Bryan Ferry @ Symphony Hall, 29th April 2018

As striking white lights fly around the stage, the nine piece band enter and they start with the atmospheric introduction to The Main Thing as Bryan Ferry casually strolls on to vast applause. Ferry’s aloof sophistication emanates around the venue enhanced by his smooth, rich vocals which are as charming as ever and don’t falter for the entirety of the set.  Transitioning into Don’t Stop The Dance is a slick operation and illustrates the competency of the band Ferry has chosen to complement him on this tour including long time guitarist Chris Spedding and phenomenal saxophonist, Jorja Chalmers.

Unsurprisingly, there isn’t a fancy backdrop just a patterned curtain that is used to capture the mood altering lighting as the music is powerful enough, noticeably Oh Yeah (On The Radio) is the track that fully grips the already attentive audience with its arpeggio keyboard line resounding through the chorus and Marina Moore’s stabbing violin part to contrast in the verse.

At times during the set, Ferry takes to his own keyboard to add a further layer to the depth of the electronics flying around the auditorium and this is evident in the atmospheric Zamba, where the interplay between the sombre keyboards and Spanish guitar is tremendously moving because of its subtly. The exquisite use of instrumentation continues into the next song, Stronger Through The Years, with Spedding’s fantastic guitar solo sensitively played underneath Ferry’s bewitching vocal line that is amalgamated into the sound rather than being an obvious separate entity, demonstrating the true art sensibilities of Bryan Ferry and Roxy Music.

The set returns to Ferry’s solo work with Slave To Love played slightly faster than the original but losing nothing in the increased pace just continuing to ooze sophistication and seduction as Bryan, suave as ever, holds his microphone stand knowing he has an overwhelming sexual presence. Remake/Remodel has the audience up and moving as the steps on the stage light up, the mirrorball shimmers and the driving bass line reverberates; the energy levels in the hall have been purposefully ramped up.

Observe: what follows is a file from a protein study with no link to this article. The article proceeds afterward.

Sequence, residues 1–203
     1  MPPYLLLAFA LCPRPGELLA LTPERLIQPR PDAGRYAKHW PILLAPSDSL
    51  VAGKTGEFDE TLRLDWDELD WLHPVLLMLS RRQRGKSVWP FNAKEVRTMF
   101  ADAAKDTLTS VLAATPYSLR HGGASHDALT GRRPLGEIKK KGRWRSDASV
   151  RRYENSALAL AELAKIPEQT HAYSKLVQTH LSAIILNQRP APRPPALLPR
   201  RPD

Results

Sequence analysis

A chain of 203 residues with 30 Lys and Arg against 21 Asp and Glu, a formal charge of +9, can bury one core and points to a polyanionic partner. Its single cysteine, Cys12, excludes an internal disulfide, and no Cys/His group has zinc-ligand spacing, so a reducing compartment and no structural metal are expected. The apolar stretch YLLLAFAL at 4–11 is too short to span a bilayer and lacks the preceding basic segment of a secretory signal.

After commenting about the look of Symphony Hall, Ferry starts a run of his most commercially successful tracks starting with If There Is Something. The beautifully haunting More Than This segues sublimely into Avalon, with its simple yet tender chorus enhanced by the outrageously high backing vocals. This combination of songs would have been worth the ticket price alone solely for the emotional impact they had on me, which I wasn’t prepared for.

The tempo takes a turn with the ludicrously dark yet funky Love Is The Drug, a true genius piece of songwriting that’s greatness is not lost in such a fine establishment. Virginia Plain brings the main part of the set to a close and sees Ferry move temporarily in front of the monitors to engage with the ever growing crowd at the front whilst demonstrating the contemporary sound of a song that is over 45 years old.

Bryan Ferry barely exits the stage before he returns for the encore that begins with Let’s Stick Together and includes the harmonica and evidently a singer who appears to be genuinely enjoying himself and the positive vibe that the audience are exuding. The pace drops again temporarily with the cover version of John Lennon’s Jealous Guy, a song that Ferry made his own shortly after Lennon’s death with that inimitable whistling solo that is flawless live. Pretending to exit again, Bryan Ferry encourages the crowd to cheer for more so that he can finish with Editions Of You that powers through with grit and filth demonstrating the versatility of the performer and song writer.

There is a reason why certain people last so long in the music industry and that is pure talent and, tonight, Bryan Ferry delivered a masterclass illustrating why he still has the capacity to attract and excite the fans. The man is a legend.

Reviewer: Toni Woodward

Photographer: Stephanie Colledge 

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